La Celestina: Question of Title.
The first edition we have of La Celestina appeared in 1499. Only one copy of it exists, but the title and preliminary material are missing, and it contains only 16 acts rather than the 21 acts by which we know it.
In 1500 another edition was published in Toledo, again of 16 acts, but now with introductory and concluding material and a title: Comedia deCalisto y Melibea. Possibly by 1502, definitely by 1507, another five acts and various interpolations had been added and the title modified to Tragicomedia de Calisto y Melibea. Nevertheless, it soon became known by the name of its most charismatic character, Celestina, former prostitute, then pimp and witch. By 1528, for example, Francisco Delicado, the author of La lozana andaluza (The LustyAndalusian Woman) a work in the same vein, directly links his book with La Celestina. “This portrayal of Lozana," he says, " shows what happened in Rome, and contains many more things than La Celestina.” [Delicado himself later published two editions of La Celestina , 1531 and 1534 in Venice.]
From Zaragoza edition, 1507
La Celestina is the tale of apassionate love affair that ends in tragedy. Calisto, a young nobleman enters the garden of Pleberio in pursuit of his falcon. There he sees Pleberio’s daughter, Melibea, and falls madly in love with her, but she quickly rejects his hasty advances. On the advice of a corrupt servant, Sempronio, Calisto seeks the help of Celestina, a former prostitute, and now an active go-between, witch, andvirgin-mender.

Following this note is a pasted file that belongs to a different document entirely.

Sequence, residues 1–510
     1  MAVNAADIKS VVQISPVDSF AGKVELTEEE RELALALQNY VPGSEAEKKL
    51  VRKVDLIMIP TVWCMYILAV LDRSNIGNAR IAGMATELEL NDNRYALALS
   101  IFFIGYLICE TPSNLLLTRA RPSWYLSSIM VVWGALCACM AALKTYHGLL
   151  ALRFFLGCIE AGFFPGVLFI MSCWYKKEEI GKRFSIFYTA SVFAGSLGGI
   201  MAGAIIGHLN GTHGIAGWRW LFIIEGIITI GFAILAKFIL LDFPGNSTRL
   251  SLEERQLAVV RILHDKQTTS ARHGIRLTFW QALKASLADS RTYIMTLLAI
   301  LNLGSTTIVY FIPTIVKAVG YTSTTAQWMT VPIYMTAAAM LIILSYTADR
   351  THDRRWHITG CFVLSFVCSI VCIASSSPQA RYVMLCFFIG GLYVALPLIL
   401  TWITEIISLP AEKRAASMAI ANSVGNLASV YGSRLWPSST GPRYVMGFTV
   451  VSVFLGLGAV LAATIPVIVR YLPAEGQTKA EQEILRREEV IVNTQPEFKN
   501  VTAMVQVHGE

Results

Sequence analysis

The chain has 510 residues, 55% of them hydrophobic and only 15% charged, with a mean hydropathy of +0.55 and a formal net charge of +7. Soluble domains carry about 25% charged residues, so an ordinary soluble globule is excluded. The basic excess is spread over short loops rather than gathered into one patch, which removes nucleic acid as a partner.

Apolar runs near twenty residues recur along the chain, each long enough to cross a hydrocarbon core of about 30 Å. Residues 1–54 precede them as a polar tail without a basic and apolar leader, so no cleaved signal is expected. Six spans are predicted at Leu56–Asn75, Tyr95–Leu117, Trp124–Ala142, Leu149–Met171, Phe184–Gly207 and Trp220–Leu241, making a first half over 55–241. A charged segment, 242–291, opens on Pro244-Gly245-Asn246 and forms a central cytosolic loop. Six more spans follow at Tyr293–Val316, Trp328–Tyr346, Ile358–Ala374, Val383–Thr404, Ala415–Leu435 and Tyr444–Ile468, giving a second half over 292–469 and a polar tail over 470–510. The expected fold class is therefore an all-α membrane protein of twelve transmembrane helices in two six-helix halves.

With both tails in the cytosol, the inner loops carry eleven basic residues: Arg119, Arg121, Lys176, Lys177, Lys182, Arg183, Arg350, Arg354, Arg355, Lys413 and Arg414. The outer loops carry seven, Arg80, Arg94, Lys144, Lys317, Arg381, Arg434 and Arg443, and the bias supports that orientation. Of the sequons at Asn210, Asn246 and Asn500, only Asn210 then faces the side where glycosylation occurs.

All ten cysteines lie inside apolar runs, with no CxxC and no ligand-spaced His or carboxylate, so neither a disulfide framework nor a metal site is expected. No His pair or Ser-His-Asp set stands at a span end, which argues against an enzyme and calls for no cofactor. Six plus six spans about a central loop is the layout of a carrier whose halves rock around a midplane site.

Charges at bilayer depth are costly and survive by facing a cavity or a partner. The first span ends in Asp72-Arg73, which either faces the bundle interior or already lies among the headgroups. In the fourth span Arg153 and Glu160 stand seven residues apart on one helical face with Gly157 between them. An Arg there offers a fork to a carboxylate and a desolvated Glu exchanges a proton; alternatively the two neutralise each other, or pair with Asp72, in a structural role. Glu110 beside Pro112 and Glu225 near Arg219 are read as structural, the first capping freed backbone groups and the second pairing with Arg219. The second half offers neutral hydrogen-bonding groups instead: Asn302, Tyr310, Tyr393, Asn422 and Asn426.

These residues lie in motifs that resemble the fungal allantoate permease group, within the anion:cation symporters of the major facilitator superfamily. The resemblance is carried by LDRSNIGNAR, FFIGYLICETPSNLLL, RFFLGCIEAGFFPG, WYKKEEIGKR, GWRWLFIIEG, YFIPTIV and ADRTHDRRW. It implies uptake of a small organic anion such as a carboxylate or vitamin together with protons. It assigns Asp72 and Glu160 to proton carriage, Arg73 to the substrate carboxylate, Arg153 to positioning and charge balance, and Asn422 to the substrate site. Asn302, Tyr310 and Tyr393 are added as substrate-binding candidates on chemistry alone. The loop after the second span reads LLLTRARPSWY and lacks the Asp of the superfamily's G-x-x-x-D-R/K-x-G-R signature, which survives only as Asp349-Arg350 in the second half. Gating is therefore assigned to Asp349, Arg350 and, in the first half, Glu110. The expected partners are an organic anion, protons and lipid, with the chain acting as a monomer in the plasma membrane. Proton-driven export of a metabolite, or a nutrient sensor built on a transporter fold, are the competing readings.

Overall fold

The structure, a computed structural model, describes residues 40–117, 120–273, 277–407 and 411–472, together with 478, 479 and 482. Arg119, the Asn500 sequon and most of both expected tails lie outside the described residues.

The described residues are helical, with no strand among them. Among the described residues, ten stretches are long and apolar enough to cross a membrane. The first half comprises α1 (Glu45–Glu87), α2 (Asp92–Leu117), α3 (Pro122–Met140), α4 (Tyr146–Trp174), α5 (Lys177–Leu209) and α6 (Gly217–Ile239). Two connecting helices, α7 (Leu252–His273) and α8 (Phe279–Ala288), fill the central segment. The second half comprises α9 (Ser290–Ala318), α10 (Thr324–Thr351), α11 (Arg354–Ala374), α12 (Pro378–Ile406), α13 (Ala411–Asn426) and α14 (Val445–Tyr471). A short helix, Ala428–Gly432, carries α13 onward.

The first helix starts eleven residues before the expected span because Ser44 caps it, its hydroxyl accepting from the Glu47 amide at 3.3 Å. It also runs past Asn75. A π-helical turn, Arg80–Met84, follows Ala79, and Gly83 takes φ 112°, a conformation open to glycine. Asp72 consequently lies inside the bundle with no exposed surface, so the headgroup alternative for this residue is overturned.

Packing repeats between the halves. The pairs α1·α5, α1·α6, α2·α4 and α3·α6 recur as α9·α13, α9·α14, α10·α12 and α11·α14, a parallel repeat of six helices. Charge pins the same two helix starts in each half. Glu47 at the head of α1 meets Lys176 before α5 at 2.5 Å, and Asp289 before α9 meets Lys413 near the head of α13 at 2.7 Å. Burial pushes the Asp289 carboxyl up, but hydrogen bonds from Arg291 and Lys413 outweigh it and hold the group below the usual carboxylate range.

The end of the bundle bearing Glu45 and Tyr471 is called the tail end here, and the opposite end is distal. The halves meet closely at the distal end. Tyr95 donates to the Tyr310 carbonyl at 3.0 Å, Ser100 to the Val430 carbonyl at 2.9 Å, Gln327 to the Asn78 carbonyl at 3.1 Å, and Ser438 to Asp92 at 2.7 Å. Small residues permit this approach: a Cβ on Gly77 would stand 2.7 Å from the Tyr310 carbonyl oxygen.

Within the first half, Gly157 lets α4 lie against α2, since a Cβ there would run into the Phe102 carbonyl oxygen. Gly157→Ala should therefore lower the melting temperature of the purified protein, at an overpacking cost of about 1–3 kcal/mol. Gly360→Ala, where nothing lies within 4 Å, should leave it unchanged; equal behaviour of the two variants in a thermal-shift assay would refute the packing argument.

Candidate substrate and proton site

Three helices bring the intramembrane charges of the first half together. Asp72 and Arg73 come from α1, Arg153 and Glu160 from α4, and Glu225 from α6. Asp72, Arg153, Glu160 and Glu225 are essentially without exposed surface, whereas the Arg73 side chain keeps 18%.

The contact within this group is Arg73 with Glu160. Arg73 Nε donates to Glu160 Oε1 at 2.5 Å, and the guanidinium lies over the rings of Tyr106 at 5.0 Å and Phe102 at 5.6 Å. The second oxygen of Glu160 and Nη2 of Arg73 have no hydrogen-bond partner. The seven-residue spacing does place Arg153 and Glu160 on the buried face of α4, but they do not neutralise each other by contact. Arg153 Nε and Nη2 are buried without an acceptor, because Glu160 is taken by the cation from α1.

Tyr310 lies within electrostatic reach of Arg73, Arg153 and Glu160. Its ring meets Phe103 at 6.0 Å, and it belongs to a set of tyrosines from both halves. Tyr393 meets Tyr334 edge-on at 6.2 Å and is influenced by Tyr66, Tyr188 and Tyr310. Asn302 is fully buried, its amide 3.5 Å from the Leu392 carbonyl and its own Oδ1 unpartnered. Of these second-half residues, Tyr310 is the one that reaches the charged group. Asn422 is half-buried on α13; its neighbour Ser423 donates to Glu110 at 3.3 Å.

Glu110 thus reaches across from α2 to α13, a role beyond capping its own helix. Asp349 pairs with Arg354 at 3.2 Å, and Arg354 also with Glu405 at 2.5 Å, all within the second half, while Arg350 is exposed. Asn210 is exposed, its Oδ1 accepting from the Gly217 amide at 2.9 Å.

Another of Calisto’s servants, Pármeno, warns his master of the dangers of associating with Celestina, but Calisto brushes his objections aside. Irritated by Calisto’s ingratitude and resentful of Sempronio’s favoured status, Pármeno is susceptible to Celestina’s guiles, especially when she dangles before him the prospects of sexual favours with a protegee of hers, Areusa.
After invoking the devil, Celestina sets to work quickly on Calisto’s behalf. As seller of cosmetics and trinkets, she has easy access to well-to-do houses, and on this pretext she visits Melibea and her mother, Alisa. By chance, Alisa is called away, leaving Melibea alone with Celestina. By clever insinuations and subtle psychology, Celestina soon piques Melibea’s curiosityabout a toothache that Calisto is suffering from. She extracts from Melibea a waistband, and the promise of a letter, to help Calisto overcome his sickness! Seeing the financial advantages of working together, Sempronio and Pármeno strike up friendship and agree to join forces to help Celestina milk as much from their master as possible. Meanwhile, Celestina’s visit with Melibea has produced thedesired effect: soon Melibea, too, confesses to a sickness and calls for Celestina. Celestina quickly diagnoses both the illness and the remedy, and promises to arrange for Calisto to visit Melibea in secret.
The much desired meeting between the lovers takes place in Melibea’s garden, but it is cut short when Pármeno --on watch with Sempronio-- warns that someone is approaching. Immediatelyafterwards, Pármeno and Sempronio head for Celestina’s house and after an argument with Celestina over a gold chain that Calisto has lavished on her, they murder her. Attempting to escape, they are caught and summarily executed.
Calisto quickly gets over the loss of his servants, and on the next night returns --as agreed-- to the garden, this time with a ladder to scale the walls. He seducesMelibea, and then --in the original 16-act version-- falls to his death from the ladder as he leaves the tryst. Melibea, distraught and unable to live without him, confesses to her father, Pleberio, before committing suicide by throwing herself from a tower. The work ends with Pleberio’s lament on the desolation of life, which he must now face alone.
In the expanded...
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